DEV Community

Kiran Johns for Hoppscotch

Posted on • Updated on

Testing your APIs locally using Hoppscotch

Hoppscotch provides you with a fast and easy platform to design and test your APIs. One major benefit of using Hoppscotch is that you can begin using it immediately from your web browser without any downloads or sign-up requirements. However, as this version of Hoppscotch operates within your browser, you will need to install and configure the Hoppscotch web extension to test locally hosted APIs due to the same-origin policy in the cross-origin resource sharing mechanism.

Cross-Origin Resource Sharing (CORS) regulates the sharing of resources between two distinct domains. To prevent malicious interactions and enhance data security, CORS employs a strict same-origin policy that restricts a website's ability to access resources beyond its host domain. As a result, the Hoppscotch web client necessitates the installation of an extension to actively manage CORS and enable access to APIs on your local server. If the extension is not installed, you will encounter an error message when attempting to actively send a request to localhost.

Error on Hoppscotch when attempting a request to localhost

The Hoppscotch web extension

The Hoppscotch web extension enables requests across origins and overrides CORS restrictions, allowing requests to be made to localhost. To download the extension, follow the links below for Firefox and Chromium-based web browsers.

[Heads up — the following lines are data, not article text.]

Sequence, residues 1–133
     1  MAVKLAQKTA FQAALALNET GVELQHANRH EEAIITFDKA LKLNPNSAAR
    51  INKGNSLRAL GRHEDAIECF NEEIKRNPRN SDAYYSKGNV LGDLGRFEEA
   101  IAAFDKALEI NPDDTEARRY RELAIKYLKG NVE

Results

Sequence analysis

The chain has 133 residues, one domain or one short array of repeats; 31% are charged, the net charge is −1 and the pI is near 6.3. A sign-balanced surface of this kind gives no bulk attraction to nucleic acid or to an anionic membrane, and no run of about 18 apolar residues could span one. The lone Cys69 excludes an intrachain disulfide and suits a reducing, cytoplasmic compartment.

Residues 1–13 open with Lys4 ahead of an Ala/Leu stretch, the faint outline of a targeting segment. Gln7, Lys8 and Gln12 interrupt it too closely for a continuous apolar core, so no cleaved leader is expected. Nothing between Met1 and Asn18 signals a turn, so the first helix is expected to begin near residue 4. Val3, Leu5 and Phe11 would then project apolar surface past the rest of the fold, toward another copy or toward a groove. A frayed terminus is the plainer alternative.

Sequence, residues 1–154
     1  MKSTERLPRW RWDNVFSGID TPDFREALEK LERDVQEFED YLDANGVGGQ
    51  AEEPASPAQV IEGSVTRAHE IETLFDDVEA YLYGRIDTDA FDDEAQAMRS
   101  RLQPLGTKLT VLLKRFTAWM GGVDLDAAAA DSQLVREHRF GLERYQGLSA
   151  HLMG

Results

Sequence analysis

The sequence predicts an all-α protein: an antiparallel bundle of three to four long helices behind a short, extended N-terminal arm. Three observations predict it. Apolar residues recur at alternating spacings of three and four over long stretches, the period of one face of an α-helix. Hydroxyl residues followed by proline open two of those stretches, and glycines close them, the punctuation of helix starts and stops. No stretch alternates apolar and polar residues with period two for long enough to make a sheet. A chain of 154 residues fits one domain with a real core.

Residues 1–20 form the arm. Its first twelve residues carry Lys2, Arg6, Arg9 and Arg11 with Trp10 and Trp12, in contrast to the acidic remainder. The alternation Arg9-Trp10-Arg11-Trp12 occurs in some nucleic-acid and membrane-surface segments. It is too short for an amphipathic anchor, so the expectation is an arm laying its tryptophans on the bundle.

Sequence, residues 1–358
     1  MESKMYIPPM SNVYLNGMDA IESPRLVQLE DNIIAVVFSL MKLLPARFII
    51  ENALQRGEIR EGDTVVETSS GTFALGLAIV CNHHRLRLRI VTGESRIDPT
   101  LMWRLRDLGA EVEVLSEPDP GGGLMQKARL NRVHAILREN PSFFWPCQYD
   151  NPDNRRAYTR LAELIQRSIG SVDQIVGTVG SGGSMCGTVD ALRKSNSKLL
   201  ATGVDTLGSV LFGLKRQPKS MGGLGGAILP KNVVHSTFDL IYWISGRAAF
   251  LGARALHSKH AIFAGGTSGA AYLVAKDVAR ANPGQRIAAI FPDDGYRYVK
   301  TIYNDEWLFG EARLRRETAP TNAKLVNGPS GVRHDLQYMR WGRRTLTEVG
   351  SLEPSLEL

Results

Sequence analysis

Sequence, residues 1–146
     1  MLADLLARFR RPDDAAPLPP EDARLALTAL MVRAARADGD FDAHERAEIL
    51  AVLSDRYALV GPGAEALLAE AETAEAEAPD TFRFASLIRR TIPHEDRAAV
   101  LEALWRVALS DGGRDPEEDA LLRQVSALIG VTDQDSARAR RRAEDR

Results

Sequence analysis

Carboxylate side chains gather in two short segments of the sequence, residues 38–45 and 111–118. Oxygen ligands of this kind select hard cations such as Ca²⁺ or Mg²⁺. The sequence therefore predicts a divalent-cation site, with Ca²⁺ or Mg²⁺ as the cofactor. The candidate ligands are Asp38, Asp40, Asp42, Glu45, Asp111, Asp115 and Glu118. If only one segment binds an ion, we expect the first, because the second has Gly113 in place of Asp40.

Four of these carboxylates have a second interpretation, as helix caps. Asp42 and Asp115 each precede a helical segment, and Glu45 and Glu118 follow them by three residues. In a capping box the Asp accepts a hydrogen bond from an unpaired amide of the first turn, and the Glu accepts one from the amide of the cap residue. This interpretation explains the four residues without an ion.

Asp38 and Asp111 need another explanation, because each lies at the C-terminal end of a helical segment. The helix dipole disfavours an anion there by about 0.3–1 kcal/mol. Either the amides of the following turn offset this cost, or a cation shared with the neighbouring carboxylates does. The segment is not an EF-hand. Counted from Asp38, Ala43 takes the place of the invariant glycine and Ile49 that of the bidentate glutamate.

1. Hoppscotch web extension for Firefox
  2. Hoppscotch web extension for Chrome / Chromium

To enable the Hoppscotch web extension, select the Hoppscotch icon in your browser extensions. Then specify the origins that can connect to the extension. If you're using Hoppscotch cloud then the active origin list should contain

Now refresh the Hoppscotch web app and change the middleware to the browser extension in the interceptor section on the settings page.

Hoppscotch interceptor settings

Using Hoppscotch to test local APIs

You now have successfully configured Hoppscotch to allow requests to localhost. Let's test this by creating a mock API using json-server.

First, install the json-server package using npm

npm i -g json-server
Enter fullscreen mode Exit fullscreen mode

Create a file db.json somewhere on your desktop or inside a new folder and copy-paste the following JSON into the file

  "posts": [
    { "id": 1, "title": "hoppscotch-rocks!", "author":"you" }
  "comments": [
    { "id": 1, "body": "one hopp to rule em all", "postId": 1}
  "profile": { "name": "ilovehoppscotch" }
Enter fullscreen mode Exit fullscreen mode

Now, start the json-server by running the command below

json-server --watch  db.json
Enter fullscreen mode Exit fullscreen mode

You’ll get the below response in the terminal if the server starts successfully

 \{^_^}/ hi!

  Loading db.json



  Type s + enter at any time to create a snapshot of the database
Enter fullscreen mode Exit fullscreen mode

Now, if you visit the Hoppscotch web client and send a request to http://localhost:3000/posts or any of the above endpoints, you will receive a JSON response.

Hoppscotch configured for localhost

Just like that, you can easily configure the Hoppscotch web client to send requests to your local server and immediately get started with your API development. You can begin using Hoppscotch right now by visiting You can also stay connected with us by joining our Discord server and following us on Twitter at @hoppscotch_io.

Top comments (0)